One Liner Review:
An enjoyable, light-hearted movie that often feels like something we’ve seen before with its single father issues and dealings with his kids.
We Bought A Zoo is a movie that takes a familiar situation and implants it into a completely fresh and creative environment. Unfortunately, the results are still exactly the same. The situation is the single dad trying to raise two kids. Most of his conflict comes with his son, who has a lot of anger. now we’ve seen movies like this before, from ordinary people to Mrs. Doubtfire (bet you never thought you’d see those two movies lumped together). Even The Descendants, with Matt Damon’s buddy George Clooney, was about a single dad trying to raise two kids after his wife’s sudden and unexpected exit. there’s nothing new about the situation, and We Bought a Zoo knows this. so it takes it’s storyline and uproots it from the usual setting, and then moves it to a zoo.
the zoo material is the reason why this movie has legs. it’s the one thing about this movie that feels original, and it goes a long way. only we don’t exactly learn anything about the animals. we don’t have any close, life threatening situations, or any serious accidents, like what would really happen in a story like this. the boy accidentally lets a bunch of Poisonous snakes out and nobody gets hurt. a bear somehow escapes and gets onto the neighborhood streets, and nobody gets hurt. oh, and a lion has his cage door broken and approaches the guy who goes in the cage to fix it from the inside…and nobody gets hurt.
maybe that’s because the movie isn’t about that. the zoo environment is really just a disguise. it’s the outfit that the movie is wearing, but it’s not what the movie is about. the movie is about this single dad and his two kids. the dad is Benjamin Mee (Matt Damon), a likable enough guy. I like the opening montage with Mee’s son, Dylan, doing a voice over about his dad. Benjamin loves adventures. he is the perfect guy to take on this massive undertaking that the movie is all about.
Also at the start of the movie, we learn that Mee’s wife has just passed away and that Mee doesn’t really know how to live his life without her. he’s got these two kids and a brother who supports him (played by the always wonderful Thomas Haden Church), but he just doesn’t know what to do with himself. for example, he seems to be avoiding all of the places that he used to go to with his wife. his brother gives him an interesting talking to about that one.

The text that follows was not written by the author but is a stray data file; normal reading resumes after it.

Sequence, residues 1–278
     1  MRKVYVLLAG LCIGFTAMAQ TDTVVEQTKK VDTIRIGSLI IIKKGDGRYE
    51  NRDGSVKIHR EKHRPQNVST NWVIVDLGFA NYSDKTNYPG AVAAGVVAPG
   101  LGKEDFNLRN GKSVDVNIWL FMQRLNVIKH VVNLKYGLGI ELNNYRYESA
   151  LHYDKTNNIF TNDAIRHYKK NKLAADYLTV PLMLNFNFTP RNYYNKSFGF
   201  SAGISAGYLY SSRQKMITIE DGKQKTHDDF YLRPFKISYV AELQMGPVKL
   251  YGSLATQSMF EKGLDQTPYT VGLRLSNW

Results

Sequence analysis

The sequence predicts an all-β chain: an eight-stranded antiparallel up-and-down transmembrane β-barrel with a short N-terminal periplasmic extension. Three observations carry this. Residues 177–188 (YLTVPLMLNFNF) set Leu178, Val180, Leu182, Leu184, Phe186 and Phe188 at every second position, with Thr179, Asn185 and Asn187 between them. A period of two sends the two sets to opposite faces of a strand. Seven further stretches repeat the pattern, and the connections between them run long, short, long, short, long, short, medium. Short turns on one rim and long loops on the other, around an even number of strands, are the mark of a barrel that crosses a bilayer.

Also early on, Mee realizes that they need to move. there’s a loud party in the house next door, and his little daughter (who is cute as a button), can’t sleep. now, on the one hand, it’s just one party. and are we really to believe that Mee never noticed this was a problem before, when his wife was still alive? but on the other hand, the move is probably not because of the noise at all. it’s probably because Mee can’t live in the same place anymore that he used to live with his wife. the house just reminds him too much of her and of the times they had together.
and that brings him to the zoo. the guy who plays Leon on Curb Your Enthusiasm is the realtor who shows Mee and his daughter around, and this guy is funny as usual. in what great moment, he tells the little girl that he loves her mom, even though he never met her before. and he leads Mee and his daughter to the zoo, without telling them what the place is exactly.
Mee accepts the deal and buys the house despite the condition that he must now own and operate this zoo as well. he accepts it because his daughter seems happy there. but what about his son? apparently, the Poor kid loses all of his friends who never come to visit him once they move away. we learn that at the end, and it’s kind of upsetting. luckily the movie doesn’t dwell on it. instead, it is busy having silly little adventures with scarlet Johansson as the head zookeeper.
Johansson is a little young to be in charge of the animal duties with this place, but so what? the movie does justify it a little by explaining that this is her life and that she has devoted herself to it while her friends and other people her age are going out to clubs and having fun every night. the real reason Johansson is here is for the romance between she and Damon, of course, but cleverly the movie doesn’t do much with that and really only brings it to our attention in the later Portions of the film.
the best things in this movie are the conflict scenes between Mee and his son. the animal scenes are all goofball throw away stuff. especially when an evil inspector, played by john Michael Higgins, comes to town. I suppose there needed to be an enemy or an antagonist somewhere in the mix, but it does feel very clichéd. and when the little girl tells the inspector off, it’s just silly. but the son stuff is great, and I wish this movie had more of it.
there are many problems with we bought a zoo. a lot of them have to do with believability. the school, for example, that is so upset about the son’s painting with a severed head and blood on it, probably wouldn’t be hanging that painting up high in the hallway for all to see. just an example. but despite it’s problems, this is still an enjoyable movie. it is a Cameron Crowe film, and he’s a very talented filmmaker. especially when it comes to knowing how to get at the audiences emotions. Crowe is the mastermind behind say anything, jerry McGuire, almost famous, and vanilla sky. his best movies might all be behind him, but he’s still got some talent. we bought a zoo is not a great film, but it’s still kind of fun at times and somewhat worthwhile.